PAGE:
Special teams and turnovers.
West Virginia's special teams issues are obvious. They go beyond mere statistics (two kickoffs, a punt and a blocked field goal returned for touchdowns; four punts shanked out of bounds after traveling 14 yards or less), but even those are compelling.
The Mountaineers rank No. 106 out of 120 FBS teams in net punting. They are No. 111 in yards allowed per punt return and No. 102 in yards allowed per kickoff return. WVU ranks highly in punt return and kickoff return average, but those are essentially statistical glitches caused by a handful of good returns versus most that are not. For instance, West Virginia's opponents have punted the ball 52 times, but the Mountaineers have returned only 18. And while Tavon Austin averages 14.5 yards per return (No. 8 nationally), he has returned only 15 and let just as many bounce and roll.
Just as significant as special teams, though, is the turnover problem. West Virginia has turned the ball over 14 times in nine games. The Mountaineers have also gained 14 turnovers. In other words, they are smack dab in the middle of the pack (tied for No. 60) and one of 10 schools with a turnover margin of zero.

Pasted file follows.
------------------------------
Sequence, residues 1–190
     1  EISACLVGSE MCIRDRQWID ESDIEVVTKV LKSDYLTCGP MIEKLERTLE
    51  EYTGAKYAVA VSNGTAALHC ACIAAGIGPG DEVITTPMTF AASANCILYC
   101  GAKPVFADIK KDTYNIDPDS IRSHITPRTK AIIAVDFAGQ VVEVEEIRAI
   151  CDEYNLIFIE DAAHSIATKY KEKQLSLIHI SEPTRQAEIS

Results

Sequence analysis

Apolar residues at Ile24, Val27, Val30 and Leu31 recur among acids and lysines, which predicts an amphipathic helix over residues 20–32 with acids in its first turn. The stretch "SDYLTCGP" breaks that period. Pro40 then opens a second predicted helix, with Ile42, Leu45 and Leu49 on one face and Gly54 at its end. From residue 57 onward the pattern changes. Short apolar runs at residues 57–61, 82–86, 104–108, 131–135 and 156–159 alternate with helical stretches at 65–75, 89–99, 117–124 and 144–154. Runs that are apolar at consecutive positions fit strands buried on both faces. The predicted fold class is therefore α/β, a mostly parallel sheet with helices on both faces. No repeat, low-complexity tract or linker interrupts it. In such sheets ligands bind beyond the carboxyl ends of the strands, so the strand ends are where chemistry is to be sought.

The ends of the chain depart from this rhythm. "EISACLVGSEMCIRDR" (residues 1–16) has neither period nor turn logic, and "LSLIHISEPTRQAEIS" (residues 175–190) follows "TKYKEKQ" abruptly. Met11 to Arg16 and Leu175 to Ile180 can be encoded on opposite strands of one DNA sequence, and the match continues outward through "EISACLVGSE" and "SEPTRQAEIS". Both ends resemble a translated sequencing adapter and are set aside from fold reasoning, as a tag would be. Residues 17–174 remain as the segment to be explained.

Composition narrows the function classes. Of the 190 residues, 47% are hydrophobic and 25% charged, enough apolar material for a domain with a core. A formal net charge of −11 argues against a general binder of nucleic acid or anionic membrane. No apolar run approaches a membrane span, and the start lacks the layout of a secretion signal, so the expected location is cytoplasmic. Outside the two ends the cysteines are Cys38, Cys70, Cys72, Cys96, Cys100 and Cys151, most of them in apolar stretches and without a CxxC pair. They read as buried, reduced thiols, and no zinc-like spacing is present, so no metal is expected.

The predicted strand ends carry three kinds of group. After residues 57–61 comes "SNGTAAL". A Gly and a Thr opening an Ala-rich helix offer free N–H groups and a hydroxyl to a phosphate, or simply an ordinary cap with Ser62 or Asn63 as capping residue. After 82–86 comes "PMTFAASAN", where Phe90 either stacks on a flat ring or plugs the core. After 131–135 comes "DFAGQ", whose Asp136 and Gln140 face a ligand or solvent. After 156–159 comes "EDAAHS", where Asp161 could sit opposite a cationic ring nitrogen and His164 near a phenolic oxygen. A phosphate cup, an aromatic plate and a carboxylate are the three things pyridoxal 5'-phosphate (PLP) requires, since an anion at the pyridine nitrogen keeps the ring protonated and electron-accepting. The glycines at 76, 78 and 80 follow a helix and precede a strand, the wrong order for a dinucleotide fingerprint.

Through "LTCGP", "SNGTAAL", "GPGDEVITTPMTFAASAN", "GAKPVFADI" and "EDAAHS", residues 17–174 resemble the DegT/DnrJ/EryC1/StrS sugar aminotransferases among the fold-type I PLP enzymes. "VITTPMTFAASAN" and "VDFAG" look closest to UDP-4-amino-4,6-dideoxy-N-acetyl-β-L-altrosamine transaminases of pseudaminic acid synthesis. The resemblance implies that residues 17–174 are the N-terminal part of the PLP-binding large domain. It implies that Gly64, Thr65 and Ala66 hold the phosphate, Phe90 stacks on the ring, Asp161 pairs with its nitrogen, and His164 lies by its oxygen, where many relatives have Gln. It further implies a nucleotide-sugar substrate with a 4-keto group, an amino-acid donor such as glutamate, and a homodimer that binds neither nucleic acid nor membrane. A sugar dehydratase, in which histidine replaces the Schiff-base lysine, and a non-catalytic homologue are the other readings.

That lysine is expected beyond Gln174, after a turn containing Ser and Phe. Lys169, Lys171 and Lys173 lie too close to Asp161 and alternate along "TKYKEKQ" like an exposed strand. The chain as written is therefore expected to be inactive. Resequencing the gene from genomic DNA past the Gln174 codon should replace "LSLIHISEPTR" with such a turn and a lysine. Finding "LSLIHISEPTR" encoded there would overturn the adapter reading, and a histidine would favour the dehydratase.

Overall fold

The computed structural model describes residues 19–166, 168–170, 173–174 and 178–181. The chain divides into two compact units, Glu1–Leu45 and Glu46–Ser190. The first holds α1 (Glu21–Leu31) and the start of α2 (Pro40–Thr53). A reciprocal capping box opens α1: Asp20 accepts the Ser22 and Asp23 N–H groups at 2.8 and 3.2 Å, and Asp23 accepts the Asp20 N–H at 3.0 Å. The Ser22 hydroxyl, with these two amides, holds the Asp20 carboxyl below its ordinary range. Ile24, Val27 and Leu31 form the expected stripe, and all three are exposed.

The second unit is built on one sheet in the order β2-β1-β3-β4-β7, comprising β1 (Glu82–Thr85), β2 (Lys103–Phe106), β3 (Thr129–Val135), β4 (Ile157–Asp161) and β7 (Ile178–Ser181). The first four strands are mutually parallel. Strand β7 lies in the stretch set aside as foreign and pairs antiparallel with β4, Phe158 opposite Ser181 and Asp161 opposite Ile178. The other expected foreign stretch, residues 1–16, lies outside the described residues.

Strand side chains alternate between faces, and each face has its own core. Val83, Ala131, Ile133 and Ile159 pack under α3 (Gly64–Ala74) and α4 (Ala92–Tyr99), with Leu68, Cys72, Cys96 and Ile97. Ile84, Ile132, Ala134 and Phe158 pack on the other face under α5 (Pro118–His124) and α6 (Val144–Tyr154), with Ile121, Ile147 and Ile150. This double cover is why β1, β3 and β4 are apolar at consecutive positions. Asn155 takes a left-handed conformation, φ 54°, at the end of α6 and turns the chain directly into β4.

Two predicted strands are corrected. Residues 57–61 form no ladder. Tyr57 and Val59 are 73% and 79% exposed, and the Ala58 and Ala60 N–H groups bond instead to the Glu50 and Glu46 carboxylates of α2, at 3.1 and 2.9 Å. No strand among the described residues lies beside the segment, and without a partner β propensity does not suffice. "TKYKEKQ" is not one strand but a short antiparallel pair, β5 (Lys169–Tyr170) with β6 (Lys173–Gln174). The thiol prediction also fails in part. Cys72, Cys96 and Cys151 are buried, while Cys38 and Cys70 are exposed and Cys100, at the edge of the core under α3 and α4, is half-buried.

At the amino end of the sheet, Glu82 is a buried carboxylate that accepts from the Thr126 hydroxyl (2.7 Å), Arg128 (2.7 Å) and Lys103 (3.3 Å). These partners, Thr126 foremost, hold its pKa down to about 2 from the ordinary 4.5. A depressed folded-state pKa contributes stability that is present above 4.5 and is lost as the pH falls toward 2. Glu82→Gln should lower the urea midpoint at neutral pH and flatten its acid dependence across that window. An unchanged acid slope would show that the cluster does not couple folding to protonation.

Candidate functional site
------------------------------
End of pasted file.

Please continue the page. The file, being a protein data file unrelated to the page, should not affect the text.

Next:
Not bad, right? Wrong. Twenty-two of the teams in the AP Top 25 rank higher. The top two teams in the country in turnover margin are also the top two in the AP poll, albeit in reverse order - Oklahoma State and LSU. Cincinnati is third.
In other words, it's not enough just to be average in turnover margin. A team has to be good or great. West Virginia has been neither. And here's the number that illustrates the problem as well as any statistic could: Of the 14 turnovers WVU has gained, 13 came in the six games the Mountaineers won. In the three they lost they forced one turnover. The offensive turnovers aren't quite as glaring, but there is still a real pattern: WVU averages one turnover per game in its wins and 2.7 in its losses.
There are other statistics that probably tell a part of West Virginia's story - 96th in sacks, 81st in red-zone defense, 113th in time of possession. But those aren't much more relevant than ranking 14th in first downs, 27th in first downs allowed and red-zone offense or being in the top half of fewest sacks allowed (particularly given the number of passes thrown), third-down conversions (both for and against) or penalties.
Take those special teams and turnover numbers to heart, though, because - at least from a performance standpoint - those have been the difference.
Reach Dave Hickman at 304-348-1734 or dphickm...@aol.com.